Let me refer to this tutorial here. I didn't follow it entirely, but I took advantage of the EclipseLink persistence.xml file it contains.

The first thing you need to do is to create a JPA Project, as follows: 


Next, you need to initialize the JPA project, as this:


Press the Next button until you reach the following screen:



Since we are using the EclipseLink as the Persistence provider, your persistence.xml in the Eclipse project should look like the following. There is a reference to a common.Student class, which I will present later on. Note that you may have to change the url, the driver, the user name and the password according to your needs. You may also want to change the table generation policies.

Another remark: this will only work for a stand-alone project. I propose a different version of persistence.xml if you want JPA to work from the JBoss application server (ahead).
<?xml version="1.0" encoding="UTF-8" ?>

<persistence xmlns:xsi="http://www.w3.org/2001/XMLSchema-instance"
xsi:schemaLocation="http://java.sun.com/xml/ns/persistence http://java.sun.com/xml/ns/persistence/persistence_2_0.xsd"
version="2.0" xmlns="http://java.sun.com/xml/ns/persistence">
<persistence-unit name="TestPersistence" transaction-type="RESOURCE_LOCAL">
<class>common.Student</class>
<properties>
<property name="javax.persistence.jdbc.driver" value="com.mysql.jdbc.Driver" />
<property name="javax.persistence.jdbc.url" value="jdbc:mysql://localhost:3306/StudentDB" />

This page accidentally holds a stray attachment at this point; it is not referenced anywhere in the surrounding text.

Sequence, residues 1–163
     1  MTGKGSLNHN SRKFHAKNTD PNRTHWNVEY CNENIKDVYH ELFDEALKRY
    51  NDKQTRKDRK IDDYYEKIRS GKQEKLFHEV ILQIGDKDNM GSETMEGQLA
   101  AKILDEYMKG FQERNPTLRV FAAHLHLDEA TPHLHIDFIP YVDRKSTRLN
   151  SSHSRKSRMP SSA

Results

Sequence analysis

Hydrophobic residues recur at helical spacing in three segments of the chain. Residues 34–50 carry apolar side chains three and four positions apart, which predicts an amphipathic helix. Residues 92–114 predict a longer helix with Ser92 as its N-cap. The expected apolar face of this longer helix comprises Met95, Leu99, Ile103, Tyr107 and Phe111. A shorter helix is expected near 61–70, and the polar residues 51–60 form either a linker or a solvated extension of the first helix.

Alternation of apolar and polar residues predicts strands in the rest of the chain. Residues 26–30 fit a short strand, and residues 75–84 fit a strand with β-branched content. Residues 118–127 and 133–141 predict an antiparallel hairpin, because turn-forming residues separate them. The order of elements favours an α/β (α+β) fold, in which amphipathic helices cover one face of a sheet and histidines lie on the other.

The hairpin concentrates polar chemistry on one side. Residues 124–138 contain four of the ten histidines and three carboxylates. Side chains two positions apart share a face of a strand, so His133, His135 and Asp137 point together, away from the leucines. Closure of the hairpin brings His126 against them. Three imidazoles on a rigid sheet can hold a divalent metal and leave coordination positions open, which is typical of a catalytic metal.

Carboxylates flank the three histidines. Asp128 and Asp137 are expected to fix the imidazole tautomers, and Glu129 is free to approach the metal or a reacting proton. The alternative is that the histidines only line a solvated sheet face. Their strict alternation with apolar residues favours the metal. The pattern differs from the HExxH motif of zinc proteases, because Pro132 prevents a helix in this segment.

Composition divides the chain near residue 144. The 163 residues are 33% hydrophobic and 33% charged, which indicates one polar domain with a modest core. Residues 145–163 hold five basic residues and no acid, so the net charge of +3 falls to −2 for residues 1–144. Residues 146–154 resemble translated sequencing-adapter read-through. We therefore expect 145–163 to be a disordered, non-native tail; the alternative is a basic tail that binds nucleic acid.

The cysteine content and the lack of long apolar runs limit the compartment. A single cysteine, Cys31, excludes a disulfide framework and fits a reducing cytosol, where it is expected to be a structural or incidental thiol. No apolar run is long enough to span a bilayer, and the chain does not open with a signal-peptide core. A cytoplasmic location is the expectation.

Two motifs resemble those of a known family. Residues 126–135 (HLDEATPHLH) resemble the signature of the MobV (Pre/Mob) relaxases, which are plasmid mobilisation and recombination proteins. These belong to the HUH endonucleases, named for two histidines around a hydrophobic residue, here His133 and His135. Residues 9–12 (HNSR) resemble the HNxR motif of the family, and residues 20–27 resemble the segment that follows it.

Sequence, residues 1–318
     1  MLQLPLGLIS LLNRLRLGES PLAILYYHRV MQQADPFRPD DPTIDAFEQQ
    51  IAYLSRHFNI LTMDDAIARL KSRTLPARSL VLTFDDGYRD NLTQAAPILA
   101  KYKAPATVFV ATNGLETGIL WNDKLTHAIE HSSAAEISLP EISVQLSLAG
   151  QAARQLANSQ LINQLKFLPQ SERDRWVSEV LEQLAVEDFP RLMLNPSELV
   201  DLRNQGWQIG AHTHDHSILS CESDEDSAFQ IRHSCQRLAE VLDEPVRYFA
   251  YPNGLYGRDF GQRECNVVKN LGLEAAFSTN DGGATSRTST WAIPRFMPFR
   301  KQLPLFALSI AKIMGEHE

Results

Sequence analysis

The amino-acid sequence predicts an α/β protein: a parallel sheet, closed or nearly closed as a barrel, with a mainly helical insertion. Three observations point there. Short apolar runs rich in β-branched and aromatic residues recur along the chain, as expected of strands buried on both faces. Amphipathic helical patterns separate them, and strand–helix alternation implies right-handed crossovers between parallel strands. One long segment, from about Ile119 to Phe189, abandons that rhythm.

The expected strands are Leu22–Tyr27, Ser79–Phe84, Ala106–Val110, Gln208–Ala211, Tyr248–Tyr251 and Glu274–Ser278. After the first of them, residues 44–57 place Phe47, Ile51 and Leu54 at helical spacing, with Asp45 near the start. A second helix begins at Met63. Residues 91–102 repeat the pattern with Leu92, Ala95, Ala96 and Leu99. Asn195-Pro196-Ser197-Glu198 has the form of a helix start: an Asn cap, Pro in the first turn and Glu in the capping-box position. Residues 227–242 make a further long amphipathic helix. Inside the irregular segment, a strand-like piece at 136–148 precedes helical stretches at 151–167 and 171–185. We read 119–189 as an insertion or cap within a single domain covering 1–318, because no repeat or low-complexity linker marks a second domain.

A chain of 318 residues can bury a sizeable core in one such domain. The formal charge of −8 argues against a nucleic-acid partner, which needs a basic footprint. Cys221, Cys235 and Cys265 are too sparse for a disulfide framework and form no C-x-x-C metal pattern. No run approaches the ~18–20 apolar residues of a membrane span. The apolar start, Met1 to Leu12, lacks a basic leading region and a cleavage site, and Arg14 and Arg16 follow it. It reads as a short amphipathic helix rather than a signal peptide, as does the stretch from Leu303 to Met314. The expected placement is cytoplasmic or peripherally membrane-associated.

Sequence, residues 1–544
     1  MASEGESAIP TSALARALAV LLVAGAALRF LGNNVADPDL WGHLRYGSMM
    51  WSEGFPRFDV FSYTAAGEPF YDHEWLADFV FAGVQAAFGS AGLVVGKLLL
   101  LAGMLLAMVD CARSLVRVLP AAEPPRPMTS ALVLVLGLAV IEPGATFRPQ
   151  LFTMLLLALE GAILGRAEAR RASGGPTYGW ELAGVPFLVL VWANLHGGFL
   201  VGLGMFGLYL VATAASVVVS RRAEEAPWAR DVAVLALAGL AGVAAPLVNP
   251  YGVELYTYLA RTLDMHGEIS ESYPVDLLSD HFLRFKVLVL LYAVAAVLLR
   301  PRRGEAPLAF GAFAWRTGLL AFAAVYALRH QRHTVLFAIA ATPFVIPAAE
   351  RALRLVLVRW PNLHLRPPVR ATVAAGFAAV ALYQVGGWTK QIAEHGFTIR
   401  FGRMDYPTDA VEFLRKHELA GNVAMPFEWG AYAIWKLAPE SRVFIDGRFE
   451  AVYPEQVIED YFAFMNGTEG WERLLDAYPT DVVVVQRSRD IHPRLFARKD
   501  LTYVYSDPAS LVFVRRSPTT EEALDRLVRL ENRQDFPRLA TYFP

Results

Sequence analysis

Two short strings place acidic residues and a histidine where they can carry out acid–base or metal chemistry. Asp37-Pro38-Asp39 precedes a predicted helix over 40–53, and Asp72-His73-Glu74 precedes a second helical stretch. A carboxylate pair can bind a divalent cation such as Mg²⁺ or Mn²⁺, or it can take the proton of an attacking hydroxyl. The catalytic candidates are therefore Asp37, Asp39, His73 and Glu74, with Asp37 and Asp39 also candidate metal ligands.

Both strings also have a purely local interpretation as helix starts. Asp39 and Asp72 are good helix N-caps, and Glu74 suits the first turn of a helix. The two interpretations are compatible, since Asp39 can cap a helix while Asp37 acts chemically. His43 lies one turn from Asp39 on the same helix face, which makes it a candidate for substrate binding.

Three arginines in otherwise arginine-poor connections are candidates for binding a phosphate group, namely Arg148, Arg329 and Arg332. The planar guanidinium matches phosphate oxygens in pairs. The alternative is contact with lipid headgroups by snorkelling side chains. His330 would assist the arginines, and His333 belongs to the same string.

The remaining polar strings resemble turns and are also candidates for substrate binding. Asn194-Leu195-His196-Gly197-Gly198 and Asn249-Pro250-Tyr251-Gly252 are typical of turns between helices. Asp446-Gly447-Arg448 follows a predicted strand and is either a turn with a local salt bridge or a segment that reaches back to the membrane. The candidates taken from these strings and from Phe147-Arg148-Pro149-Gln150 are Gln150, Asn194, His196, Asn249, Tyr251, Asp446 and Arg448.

<property name="javax.persistence.jdbc.user" value="artur" />
<property name="javax.persistence.jdbc.password" value="fonseca" />

<!-- EclipseLink should create the database schema automatically -->
<property name="eclipselink.ddl-generation" value="create-tables" />
<property name="eclipselink.ddl-generation.output-mode"
value="database" />
</properties>

</persistence-unit>
</persistence>

Next, we need to add the MySQL driver in the eclipse project. I'm using my-sql-connector-java-5.1.19-bin.jar. You may want to use some other version (e.g. more recent, when it arrives). Just create a new folder, name it lib (the name doesn't really matter) and copy the jar file into it. Then use the context menu of the mouse over the my-sql-connector-java-5.1.19-bin.jar file and add it to the Build Path (Build Path-->Add to Build Path). Now, your project should already have access to the MySQL driver.